Tag Archives: taxonomy

New Urocoptid from Hispaniola

Just released: a paper by Thomas Watters dealing with the urocoptid genus Gyraxis, and describing a new species. The abstract reads “The genus Gyraxis in Hispaniola is reviewed, currently only known from the area of the Bahía de Samaná in the Dominican Republic. It includes three taxa: Gyraxis samana (Clench, 1966), G. sericata (Pilsbry, 1903) and G. excalibur new species. The radular morphology and isolation from Cuban Gyraxis suggest they may yet require a new genus”.

Watters also, when dealing with the nomen inquirendum Cylindrella gouldiana Pfeiffer, 1853, indicated this taxon has never been figured and that Crosse subsequently mentioned the first precise locality for the species (“Région Dominicaine: rochers du Tablaso, près San Cristobal (A. Sallé)”). Watters expressed “it is not clear how he knew this”. This answer is simple: Crosse always indicated behind his localities the collector of the material, in this case Sallé. The material which Crosse saw may either have been returned to Sallé or have ended up in the Crosse collection. Both collections have been dispersed after their owner’s death, and the current depository of the material is unknown.

Reference:
Watters, G.T., 2018. The genus Gyraxis Pilsbry, 1903 (Gastropoda: Urocoptidae) from Bahía de Samaná area of the Dominican Republic. – Journal of Conchology, 43: 103-108.

 

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Ovachlamys fulgens redescribed

Salles et al. just published a paper on the tropical Helicarionid snail Ovachlamys fulgens (Gude, 1900) for which they used Brazilian material to redescribe the species.

Schermafbeelding 2018-04-10 om 11.49.50

Their abstract reads “The geographical distribution of the jumping snail Ovachlamys fulgens Gude, 1900, originally described from Loo-Choo Island, is expanding rapidly throughout the tropics. The full extent of the environmental damage caused by the in- troduction of this exotic species is still unknown. So far, it has been implicated in damage to orchids and horticultural plants. Ovachlamys fulgens is only known by a few characteristics of the shell and information on its anatomy is scant. The present study aims to redescribe this species based on specimens from Brazil, which is here characterized by the a globose shell, with wide aperture, externally micro-sculptured with undulating spiral groves, umbilicus partially obliterated by a thin plate, pedal sole tripartite, cephalopedal mass consisting of a series of oblique muscles, mantle with two flattened lobes, large caudal horn, pallial cavity small, vascular system evident, auricle fibrous, ventricle highly muscular, aorta subdivided in cephalic and gastric veins, a large kidney internally folded, jaw smooth and crescentic, radulae with 127 teeth per row (55-(8)- 1-(8)-55), each row with about 25 mm, crop absent, salivary glands fused, stomach large with thin walls, ovotestis with at least three distinct lobes, talon totally immersed in the albumen gland, uterus with two regions, capsule gland hardly visible, bursa copulatrix small and sacculiform, penial sheath present, epiphallus small and narrow, nervous ring asymmetrical, visceral ganglion on left side only, five and six nerves running from each cerebral and pedal ganglia, respectively, one statocyst immersed in each pedal ganglion, and two pairs of ganglia (mandibular and buccopharyngeal ganglia) extra to the nervous ring.”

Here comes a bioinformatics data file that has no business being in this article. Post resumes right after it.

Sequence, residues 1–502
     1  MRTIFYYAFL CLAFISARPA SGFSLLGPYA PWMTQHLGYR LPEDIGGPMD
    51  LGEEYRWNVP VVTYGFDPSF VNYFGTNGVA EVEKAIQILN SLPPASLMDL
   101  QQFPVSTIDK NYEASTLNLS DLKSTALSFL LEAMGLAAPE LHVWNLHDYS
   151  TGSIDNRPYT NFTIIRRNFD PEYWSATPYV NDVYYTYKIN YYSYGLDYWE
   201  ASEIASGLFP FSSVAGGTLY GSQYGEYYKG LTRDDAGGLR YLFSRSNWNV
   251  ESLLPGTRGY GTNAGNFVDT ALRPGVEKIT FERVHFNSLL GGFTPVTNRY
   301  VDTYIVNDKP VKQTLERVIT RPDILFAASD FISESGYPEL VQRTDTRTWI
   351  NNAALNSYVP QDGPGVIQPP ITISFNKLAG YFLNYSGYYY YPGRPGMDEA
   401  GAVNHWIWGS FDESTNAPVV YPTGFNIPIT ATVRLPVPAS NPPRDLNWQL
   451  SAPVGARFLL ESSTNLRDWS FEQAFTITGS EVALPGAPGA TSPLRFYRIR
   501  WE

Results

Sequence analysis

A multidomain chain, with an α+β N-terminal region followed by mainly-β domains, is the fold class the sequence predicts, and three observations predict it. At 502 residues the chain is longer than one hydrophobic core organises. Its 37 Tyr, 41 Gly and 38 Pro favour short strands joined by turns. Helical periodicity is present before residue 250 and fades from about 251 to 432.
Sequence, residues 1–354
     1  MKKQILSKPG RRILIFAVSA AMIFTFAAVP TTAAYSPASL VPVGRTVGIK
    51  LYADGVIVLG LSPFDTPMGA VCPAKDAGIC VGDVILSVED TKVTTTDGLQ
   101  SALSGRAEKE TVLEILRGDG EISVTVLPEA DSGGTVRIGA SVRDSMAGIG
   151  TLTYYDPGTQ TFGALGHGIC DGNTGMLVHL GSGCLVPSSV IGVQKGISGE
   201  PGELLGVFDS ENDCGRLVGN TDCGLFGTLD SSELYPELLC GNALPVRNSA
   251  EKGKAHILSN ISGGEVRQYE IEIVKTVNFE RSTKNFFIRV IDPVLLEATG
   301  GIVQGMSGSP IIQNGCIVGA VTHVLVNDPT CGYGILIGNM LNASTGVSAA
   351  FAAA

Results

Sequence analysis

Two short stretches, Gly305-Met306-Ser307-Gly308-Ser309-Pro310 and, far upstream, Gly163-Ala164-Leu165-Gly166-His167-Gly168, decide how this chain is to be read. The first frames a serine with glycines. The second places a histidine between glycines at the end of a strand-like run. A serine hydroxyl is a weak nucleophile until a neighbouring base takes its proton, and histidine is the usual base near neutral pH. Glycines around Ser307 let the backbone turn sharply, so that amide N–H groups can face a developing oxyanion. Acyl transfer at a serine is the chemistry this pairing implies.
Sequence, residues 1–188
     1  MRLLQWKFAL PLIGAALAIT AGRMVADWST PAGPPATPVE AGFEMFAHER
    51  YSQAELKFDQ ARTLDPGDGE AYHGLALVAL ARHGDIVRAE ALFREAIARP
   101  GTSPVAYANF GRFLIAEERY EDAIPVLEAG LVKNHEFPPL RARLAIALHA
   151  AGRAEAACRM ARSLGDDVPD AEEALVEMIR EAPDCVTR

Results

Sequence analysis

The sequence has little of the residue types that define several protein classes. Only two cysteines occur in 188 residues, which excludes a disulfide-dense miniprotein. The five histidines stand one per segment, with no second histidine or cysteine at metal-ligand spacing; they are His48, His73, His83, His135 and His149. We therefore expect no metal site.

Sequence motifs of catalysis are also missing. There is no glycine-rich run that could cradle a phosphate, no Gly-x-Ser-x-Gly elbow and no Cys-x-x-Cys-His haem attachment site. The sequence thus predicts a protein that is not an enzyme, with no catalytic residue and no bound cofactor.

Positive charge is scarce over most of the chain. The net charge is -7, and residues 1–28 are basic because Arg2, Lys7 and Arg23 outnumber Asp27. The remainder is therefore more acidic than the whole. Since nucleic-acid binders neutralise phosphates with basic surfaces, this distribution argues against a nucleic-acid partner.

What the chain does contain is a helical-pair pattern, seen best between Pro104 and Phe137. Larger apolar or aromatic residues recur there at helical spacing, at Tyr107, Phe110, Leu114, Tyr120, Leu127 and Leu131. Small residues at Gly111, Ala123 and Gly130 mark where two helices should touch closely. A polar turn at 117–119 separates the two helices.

Schermafbeelding 2018-04-10 om 11.50.30

The authors have done a thorough morphological and anatomical study, which will undoubtedly help to identify this species in future.

Reference:
Salles, A.C.A., Oliveira, C.D.C. & Absalão, R.S., 2018. Redescription of the jumping snail Ovachlamys fulgens (Gude, 1900) (Gastropoda: Helicarionoidea: Helicarionidae): An anatomical and conchological approach. – The Nautilus, 132 (1): 19-29.

Revised classification of gastropod names

Just published: the revised nomenclator and classification of gastropod families (and above) by Bouchet et al., 2017. It is an update of the first version, now more than 10 years ago, plus an addition of monoplacophoran families.

The abstract reads “2,604 names at the rank of subtribe, tribe, subfamily, family and superfamily have been proposed for Recent and fossil gastropods, and another 35 for monoplacophorans. All names are listed in a nomenclator giving full bibliographical reference, date of publication, typfication, and their nomenclatural availability and validity under the International Code of Zoological Nomenclature. Another 790 names, established for categories above the family- group (infraorder to subclass) are listed separately. A fully ranked, hierarchical classification summarizes recent advances in the phylogeny of the Gastropoda and Monoplacophora. In all, the classification recognizes as valid a total of 721 gastropod families, of which 245 are known exclusively as fossils and 476 occur in the Recent with or without a fossil record; and 20 monoplacophoran families, of which 1 only occurs as Recent.

Nomenclatural acts in this work: Amberleya bathonica Cox & Arkell, 1950, fixed as type species of Amberleya J. Morris & Lycett, 1851, under Art. 70.3; Ampezzopleura tenuis Nützel, 1998, fixed as type species of Ampezzopleura Bandel, 1991, under Art. 70.3; Proserpina nitida G. B. Sowerby II, 1839, designated type species of Despoena Newton, 1891; Buccinum glabratum Linnaeus, 1758, designated type species of Dipsaccus H. Adams & A. Adams, 1853; Murex ficus Linnaeus, 1758, designated type species of Ficula Swainson, 1835; Oncomelania hupensis Gredler, 1881, designated type species of Hemibia Heude, 1890; Murex metaxa Delle Chiaje, 1828, fixed as type species of Metaxia Monterosato, 1884 under Art. 70.3; Neridomus anglicus Cox & Arkell, 1950, fixed as type species of Neridomus J. Morris & Lycett, 1851, under Art. 70.3; Navicella clypeolum Récluz, 1843, designated type species of Orthopoma Gray, 1868; Trochus viadrinus M. Schmidt, 1905, fixed as type species of Parataphrus Chavan, 1954 under Art. 70.3; Helix pomatia Linnaeus, 1758, designated type species of Pentataenia A. Schmidt, 1855; Flammulina ponsonbyi Suter, 1897, fixed as type species of Phenacohelix Suter, 1892, under Art. 70.3; Cyrtolites corniculum Eichwald, 1860, fixed as type species of Pollicina Koken, 1895, under Art. 70.3; Purpurina elegantula d’Orbigny, 1850, designated as type species of Purpurina d’Orbigny, 1850, and lectotype of Turbo bellona d’Orbigny, 1850, designated as neotype of Purpurina elegantula; Pyramidella minuscula Monterosato, 1880, fixed as type species of Tiberia Jeffreys, 1884, under Art. 70.3; Cyclostoma delicatum Philippi, 1844, fixed as type species of Trachysma G. O. Sars, 1878, under Art. 70.3; Helix elegans Gmelin, 1791, fixed as type species of Trochoidea T. Brown, 1827, under Art. 70.3; Turritellopsis stimpsoni Dall, 1919, fixed as type species of Turritellopsis G. O. Sars, 1878, under Art. 70.3; Fusus averillii Gabb, 1864, fixed as type species of Volutoderma Gabb, 1876, under Art. 70.3; Voluta pepo Lightfoot, 1786, fixed as type species of Yetus Bowdich, 1822. Curnonidae d’Udekem d’Acoz, nom. nov., and Curnon d’Udekem d’Acoz, nom. nov., are established for Charcotiidae Odhner, 1926, and Charcotia Vayssière, 1906, (between 27 March and 1 May), non Charcotia Chevreux, 1906 (January) [Amphipoda]; Yuopisthonematidae Nützel, nom. nov., and Yuopisthonema Nützel, nom. nov., are established for Opisthonematidae Yu, 1976, and Opisthonema Yu, 1974, non Gill, 1862 [Pisces]. The new family-group name Burnupiidae Albrecht is established in this work; and the names Scolodontina and Orthalicoidei are first used here to denote, respectively, a suborder containing the family Scolodontidae, and an infraorder containing the superfamily Orthalicoidea”.